To me, this deals with the details of an event.  What happened, when, who was involved.  It can also deal with some of what people were thinking, what specifically motivated their actions, what their hope was in the choices they made.

Wanting answers…

I think that when you want answers, you are predominantly dealing with the question of why.  People may not be able to answer to your satisfaction…in fact probably will not be able to answer to your satisfaction.  I try to address this mostly to God, because He will know what I’m really asking…and He will be able to satisfy my heart like no one else can…even if it is like He answered Job.

In the book of Job, after Job has lost everything and finally turned to God wanting answers, God answers from a whirlwind, with questions of His own, “Where were you when I laid the foundations of the world?”  It is one of my favorite sections of the Bible, in which God basically puts the smack down.  Still, I believe it is a merciful and loving reply, because in that place of wanting answers, often the things we think we want are not the things we need.

Wanting someone to answer…

This may be the most difficult position, because no person can fully meet this desire.  None of us can redeem ourselves.  It is what set’s Christianity apart from every other religion…in every other religion, people try to make up for their faults.  But in Christianity, we can only fall into the arms of grace.  The same grace that flows down from the cross to forgive us from the things we’ve done and heal us from the things done to us is the same grace that forgives those who have hurt us.  So when we want someone to answer, we will always come up empty handed until we take that desire to the Cross, where Jesus answered for us all, for all we have done, for all that has been done contrary to His love.  Somehow, someway, Jesus makes up the difference.  He has to.  Because those others, the ones we want to answer for what they’ve done…they can’t afford to pay.

Beauty and Ashes

Wednesday morning I woke up with a deep need for a revelation of grace.

I think that we walk around with fear and pain and anger and all sorts of things bound up and hidden in our hearts, even from ourselves.  When the time is right, the waters start churning and those things come to the surface.

So it is with me.  In the past few weeks I have become painfully aware, once again, of my need for a savior.  I do not need to know that I am human and every body makes mistakes.  I need to know, desperately, that I am forgiven…that I am being made new.

I did not remember until later that day that Wednesday was Ash Wednesday, the beginning of Lent.  Lent is the liturgical season where we set aside 40 days to remember Jesus sacrifice for our sins and to repent in the context of His resurrection and grace.  The season is actually 46 days long, because Sundays are not counted.  They are still a celebration of the resurrection.

I believe God is wanting to spend time with me in stillness…so I am setting aside the first hour of every day, and I would like to invite you to join me.  I will be going through the Litany of Penitence, one line a day, reading from scripture, and ending with a symbolic act of forgiveness to remind myself I am forgiven.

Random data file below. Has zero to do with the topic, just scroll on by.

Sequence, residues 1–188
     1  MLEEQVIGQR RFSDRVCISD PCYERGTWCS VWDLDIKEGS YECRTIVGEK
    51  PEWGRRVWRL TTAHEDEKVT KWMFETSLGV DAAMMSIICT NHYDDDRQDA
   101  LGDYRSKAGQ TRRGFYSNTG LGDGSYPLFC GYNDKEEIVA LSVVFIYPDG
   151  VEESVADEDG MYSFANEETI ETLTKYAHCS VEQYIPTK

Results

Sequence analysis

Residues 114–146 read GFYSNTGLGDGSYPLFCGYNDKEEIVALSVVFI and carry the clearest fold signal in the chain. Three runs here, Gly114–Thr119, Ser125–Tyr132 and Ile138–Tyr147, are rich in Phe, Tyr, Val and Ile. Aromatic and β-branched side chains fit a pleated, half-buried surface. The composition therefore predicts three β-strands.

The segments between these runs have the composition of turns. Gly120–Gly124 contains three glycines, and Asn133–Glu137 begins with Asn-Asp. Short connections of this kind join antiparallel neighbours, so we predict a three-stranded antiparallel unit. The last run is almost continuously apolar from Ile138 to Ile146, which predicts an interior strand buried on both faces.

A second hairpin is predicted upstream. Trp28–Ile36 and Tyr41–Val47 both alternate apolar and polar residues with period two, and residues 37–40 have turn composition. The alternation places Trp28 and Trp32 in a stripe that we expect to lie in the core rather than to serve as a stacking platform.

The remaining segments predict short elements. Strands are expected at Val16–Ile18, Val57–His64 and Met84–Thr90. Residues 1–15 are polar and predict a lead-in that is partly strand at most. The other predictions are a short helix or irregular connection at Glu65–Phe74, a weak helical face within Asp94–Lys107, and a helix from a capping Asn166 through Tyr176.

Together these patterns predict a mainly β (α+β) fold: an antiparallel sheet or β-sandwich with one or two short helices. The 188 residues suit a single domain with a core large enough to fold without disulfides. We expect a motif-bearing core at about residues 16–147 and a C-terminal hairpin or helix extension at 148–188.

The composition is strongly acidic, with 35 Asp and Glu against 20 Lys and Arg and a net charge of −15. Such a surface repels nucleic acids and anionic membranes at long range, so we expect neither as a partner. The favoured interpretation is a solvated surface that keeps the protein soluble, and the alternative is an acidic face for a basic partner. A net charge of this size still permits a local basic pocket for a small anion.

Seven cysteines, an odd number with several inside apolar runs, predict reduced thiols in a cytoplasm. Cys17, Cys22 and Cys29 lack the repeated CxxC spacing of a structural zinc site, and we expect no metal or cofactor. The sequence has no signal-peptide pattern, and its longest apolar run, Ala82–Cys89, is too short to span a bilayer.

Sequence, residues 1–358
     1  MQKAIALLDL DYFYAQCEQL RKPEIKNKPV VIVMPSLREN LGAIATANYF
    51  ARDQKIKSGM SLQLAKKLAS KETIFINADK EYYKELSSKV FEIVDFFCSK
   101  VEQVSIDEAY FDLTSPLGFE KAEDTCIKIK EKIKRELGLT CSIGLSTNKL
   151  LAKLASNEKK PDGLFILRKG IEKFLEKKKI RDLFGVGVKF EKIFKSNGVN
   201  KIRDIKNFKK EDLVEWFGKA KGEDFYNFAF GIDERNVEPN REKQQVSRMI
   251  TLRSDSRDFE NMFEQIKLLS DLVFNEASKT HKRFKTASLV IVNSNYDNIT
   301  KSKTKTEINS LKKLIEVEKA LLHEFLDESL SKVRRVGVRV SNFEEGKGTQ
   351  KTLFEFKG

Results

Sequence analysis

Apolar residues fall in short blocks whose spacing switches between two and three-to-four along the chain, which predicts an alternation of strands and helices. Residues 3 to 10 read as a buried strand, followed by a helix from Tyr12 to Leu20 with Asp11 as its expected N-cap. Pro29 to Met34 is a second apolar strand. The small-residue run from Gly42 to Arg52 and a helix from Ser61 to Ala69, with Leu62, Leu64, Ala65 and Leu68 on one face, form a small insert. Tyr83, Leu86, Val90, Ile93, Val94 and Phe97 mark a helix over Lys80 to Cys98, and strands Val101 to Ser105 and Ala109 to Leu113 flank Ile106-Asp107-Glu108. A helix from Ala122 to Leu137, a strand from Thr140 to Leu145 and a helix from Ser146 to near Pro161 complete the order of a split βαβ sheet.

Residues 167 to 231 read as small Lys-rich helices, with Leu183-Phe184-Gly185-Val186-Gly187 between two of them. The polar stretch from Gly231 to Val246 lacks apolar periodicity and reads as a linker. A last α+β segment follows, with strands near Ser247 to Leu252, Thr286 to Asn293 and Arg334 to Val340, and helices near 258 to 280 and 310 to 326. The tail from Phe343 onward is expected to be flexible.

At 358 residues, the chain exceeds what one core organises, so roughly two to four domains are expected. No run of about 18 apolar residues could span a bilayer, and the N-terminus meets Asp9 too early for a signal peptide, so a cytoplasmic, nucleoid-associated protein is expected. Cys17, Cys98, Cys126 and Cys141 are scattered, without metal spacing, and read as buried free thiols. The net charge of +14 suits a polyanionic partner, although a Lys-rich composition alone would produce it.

This morning I walked to the park and read from John 13:31-15:11, and then I thought about and journaled about the first line from the Litany: “Most holy and merciful Father.”  I asked forgiveness for the times I have been unmerciful (already at the forefront of my mind), forgave others for not being merciful, and then asked Jesus to make me merciful.  As I walked home, I washed my hands in the dew soaked grass as a sign that I am washed clean by Jesus.

Spring Cleaning

This week the speaker on the DTS, Donna MacGowan, spoke on Fear of the Lord.  Due to me being sick, I didn’t get to spend as much time with her as I would have liked, so maybe some of our amazing students can fill me in on how God moved in their lives this week.

Fear of the Lord is a topic we like to have on every DTS.  It is about honoring God in every area of your life, submitting all things to His loving discipline, and ridding yourself of the impurities, however great or small, that God brings up.  I say the words, but so many of my friends have been so hurt by churches that meant “Fear of Leadership and Our Opinion” rather than “Fear of the Lord”, that I know some of these words land in tender spots.  Many of you know that I have struggled long and hard with some of these battles, and the only freedom from other’s opinions can be found in a healthy reverence for God.  If it helps, I have been thinking of it as spring cleaning.  And God has been doing some spring cleaning in me.

Tom Gaddis, the pastor at Father’s House Church, mentioned last week that “When words are many, there is much sin…”  He himself was feeling convicted of some things, and something in my spirit stood up and took notice of this Proverb.  “Hey…I talk a lot…I ought to keep that in mind.”  I have been finding myself, for the past several weeks, with my proverbial foot in my mouth…and some times are more serious than others.  I have been confronted internally for things I have said to others, and have had others confront me regarding thoughts about myself I have verbalized.